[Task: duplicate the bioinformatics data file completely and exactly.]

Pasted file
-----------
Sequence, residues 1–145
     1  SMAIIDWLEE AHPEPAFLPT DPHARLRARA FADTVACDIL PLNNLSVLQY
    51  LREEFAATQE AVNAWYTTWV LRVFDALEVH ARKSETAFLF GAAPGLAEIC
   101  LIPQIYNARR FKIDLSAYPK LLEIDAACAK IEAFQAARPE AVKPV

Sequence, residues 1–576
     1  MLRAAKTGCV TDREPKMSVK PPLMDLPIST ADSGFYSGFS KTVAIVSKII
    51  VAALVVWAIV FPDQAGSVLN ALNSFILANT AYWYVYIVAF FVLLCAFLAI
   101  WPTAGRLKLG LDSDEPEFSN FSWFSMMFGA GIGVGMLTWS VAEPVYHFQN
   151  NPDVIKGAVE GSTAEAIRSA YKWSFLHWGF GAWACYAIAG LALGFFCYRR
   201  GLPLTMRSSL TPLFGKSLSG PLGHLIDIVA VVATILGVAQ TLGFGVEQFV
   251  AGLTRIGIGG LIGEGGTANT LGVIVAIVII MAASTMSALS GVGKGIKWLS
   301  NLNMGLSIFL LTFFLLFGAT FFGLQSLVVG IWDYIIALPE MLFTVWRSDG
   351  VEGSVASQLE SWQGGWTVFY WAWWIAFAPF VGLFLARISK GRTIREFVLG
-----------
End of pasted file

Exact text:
Sequence, residues 1–145
     1  SMAIIDWLEE AHPEPAFLPT DPHARLRARA FADTVACDIL PLNNLSVLQY
    51  LREEFAATQE AVNAWYTTWV LRVFDALEVH ARKSETAFLF GAAPGLAEIC
   101  LIPQIYNARR FKIDLSAYPK LLEIDAACAK IEAFQAARPE AVKPV

Sequence, residues 1–576
     1  MLRAAKTGCV TDREPKMSVK PPLMDLPIST ADSGFYSGFS KTVAIVSKII
    51  VAALVVWAIV FPDQAGSVLN ALNSFILANT AYWYVYIVAF FVLLCAFLAI
   101  WPTAGRLKLG LDSDEPEFSN FSWFSMMFGA GIGVGMLTWS VAEPVYHFQN
   151  NPDVIKGAVE GSTAEAIRSA YKWSFLHWGF GAWACYAIAG LALGFFCYRR
   201  GLPLTMRSSL TPLFGKSLSG PLGHLIDIVA VVATILGVAQ TLGFGVEQFV
   251  AGLTRIGIGG LIGEGGTANT LGVIVAIVII MAASTMSALS GVGKGIKWLS
   301  NLNMGLSIFL LTFFLLFGAT FFGLQSLVVG IWDYIIALPE MLFTVWRSDG
   351  VEGSVASQLE SWQGGWTVFY WAWWIAFAPF VGLFLARISK GRTIREFVLG